But outside of the pure watching-experiences (me, sitting there and watching what happens on stage, directing-wise, acting-wise…) I had some serious WTF?!-moments with the material. The songs mostly were like someone made the singers sing bible verses in pop music (like Britney Spears 90ies…), sometimes then suddenly bursting out into Gospel-inspired songs, dancing and singing and clapping – while a mere three minutes ago they’d told us that Moses’ people were slaves and had to work even harder than before because of Moses’ magic. There were scenes in front of the curtain, with two characters talking about a matter on of them wasn’t really concerned with (from a character-in-the-story-point of view) and which just had nothing to do with what happened before, it came out of the blue and obviously it had to be there because the set needed to be changed.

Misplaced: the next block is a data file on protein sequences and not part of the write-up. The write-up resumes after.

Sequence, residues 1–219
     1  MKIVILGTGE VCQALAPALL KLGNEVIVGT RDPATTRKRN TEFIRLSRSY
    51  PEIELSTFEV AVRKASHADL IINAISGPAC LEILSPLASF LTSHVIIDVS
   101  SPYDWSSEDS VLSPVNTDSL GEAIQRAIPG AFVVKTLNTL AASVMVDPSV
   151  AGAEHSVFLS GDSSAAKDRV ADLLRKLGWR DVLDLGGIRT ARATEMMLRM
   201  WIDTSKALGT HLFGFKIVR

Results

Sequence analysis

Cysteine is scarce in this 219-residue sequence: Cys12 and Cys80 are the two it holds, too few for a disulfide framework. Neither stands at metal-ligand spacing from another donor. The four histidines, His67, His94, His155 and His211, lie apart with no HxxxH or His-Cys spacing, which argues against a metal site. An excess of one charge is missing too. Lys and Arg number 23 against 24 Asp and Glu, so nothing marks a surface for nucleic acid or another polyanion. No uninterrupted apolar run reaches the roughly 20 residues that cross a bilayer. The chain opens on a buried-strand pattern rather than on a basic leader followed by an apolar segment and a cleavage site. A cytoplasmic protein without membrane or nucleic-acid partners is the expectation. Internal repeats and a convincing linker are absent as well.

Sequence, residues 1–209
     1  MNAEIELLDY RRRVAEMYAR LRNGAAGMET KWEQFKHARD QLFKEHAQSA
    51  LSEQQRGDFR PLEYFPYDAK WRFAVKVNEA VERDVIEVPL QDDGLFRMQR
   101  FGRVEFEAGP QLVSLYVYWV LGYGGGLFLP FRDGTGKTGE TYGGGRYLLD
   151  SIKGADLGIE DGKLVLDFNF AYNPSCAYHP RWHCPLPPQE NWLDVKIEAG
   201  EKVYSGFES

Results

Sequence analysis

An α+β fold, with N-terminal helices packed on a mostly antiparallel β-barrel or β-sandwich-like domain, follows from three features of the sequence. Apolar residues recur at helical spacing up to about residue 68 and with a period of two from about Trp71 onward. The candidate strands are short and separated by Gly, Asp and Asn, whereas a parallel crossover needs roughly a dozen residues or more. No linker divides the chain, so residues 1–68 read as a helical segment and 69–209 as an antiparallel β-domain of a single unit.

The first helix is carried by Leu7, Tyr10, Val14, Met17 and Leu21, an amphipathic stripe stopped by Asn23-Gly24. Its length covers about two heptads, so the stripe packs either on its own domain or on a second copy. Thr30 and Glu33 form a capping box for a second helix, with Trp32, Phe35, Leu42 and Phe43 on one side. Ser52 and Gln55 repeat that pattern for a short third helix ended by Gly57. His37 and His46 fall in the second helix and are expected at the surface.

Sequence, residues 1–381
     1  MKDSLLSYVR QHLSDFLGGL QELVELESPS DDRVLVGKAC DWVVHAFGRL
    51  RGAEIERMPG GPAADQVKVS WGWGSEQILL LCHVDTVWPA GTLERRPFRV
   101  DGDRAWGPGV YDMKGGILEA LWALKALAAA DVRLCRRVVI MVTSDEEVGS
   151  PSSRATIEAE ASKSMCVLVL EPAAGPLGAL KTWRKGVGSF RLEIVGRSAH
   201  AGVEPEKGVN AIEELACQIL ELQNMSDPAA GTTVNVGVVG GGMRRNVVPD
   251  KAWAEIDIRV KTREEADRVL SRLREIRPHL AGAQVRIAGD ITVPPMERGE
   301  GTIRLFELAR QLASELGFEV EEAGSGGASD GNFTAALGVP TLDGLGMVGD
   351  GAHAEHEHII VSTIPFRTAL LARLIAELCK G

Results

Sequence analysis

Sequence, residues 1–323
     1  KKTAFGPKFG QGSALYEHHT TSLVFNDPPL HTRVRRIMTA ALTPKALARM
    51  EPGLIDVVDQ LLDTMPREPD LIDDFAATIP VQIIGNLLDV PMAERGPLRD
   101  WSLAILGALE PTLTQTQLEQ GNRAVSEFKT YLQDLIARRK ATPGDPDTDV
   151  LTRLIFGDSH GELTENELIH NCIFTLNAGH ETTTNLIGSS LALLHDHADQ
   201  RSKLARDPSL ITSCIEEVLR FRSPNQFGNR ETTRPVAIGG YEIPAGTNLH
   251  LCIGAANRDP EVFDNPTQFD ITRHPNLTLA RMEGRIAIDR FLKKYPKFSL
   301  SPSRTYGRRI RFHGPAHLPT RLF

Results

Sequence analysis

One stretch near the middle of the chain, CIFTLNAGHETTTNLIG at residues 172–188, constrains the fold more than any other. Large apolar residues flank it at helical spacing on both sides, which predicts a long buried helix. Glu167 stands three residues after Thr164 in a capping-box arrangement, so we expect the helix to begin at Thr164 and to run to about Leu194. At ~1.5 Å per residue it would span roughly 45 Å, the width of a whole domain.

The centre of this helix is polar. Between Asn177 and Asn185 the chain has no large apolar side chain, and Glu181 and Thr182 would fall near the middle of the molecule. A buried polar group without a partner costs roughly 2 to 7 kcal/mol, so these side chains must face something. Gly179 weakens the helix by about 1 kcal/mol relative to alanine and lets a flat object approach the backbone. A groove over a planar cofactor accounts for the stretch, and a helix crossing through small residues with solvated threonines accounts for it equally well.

Right now I feel I don’t even want to write anything more about that experiences because I could go on and on about how weird I felt watching this as ‘musical theatre’ or how I think that these kinds of shows/productions are the reason why people in Germany think musicals are superficial, everyone looks great in them and from time to time someone randomly bursts into a song.

Usually I try not to write such short and negative things about theatre, but this needed to be done. Simply.

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Anything Goes – Literally

IMG_2174After I have posted all my Broadway-thoughts and my thoughts on Sarg Niemals Nie I can (finally) move on to the three musicals I have seen in St. Gallen, Switzerland, in the end of May when the theatre of St. Gallen showed all three of their currently running musicals in a row. I went there by train with my mother and we had a great time (her first time in Switzerland), after three nights in St. Gallen we went to Zurich and stayed another two nights (which is so expensive the two nights there did cost roughly the same as the three nights in St. Gallen – and the hotel wasn’t that good, actually). Anyways…right now we’re here to talk productions.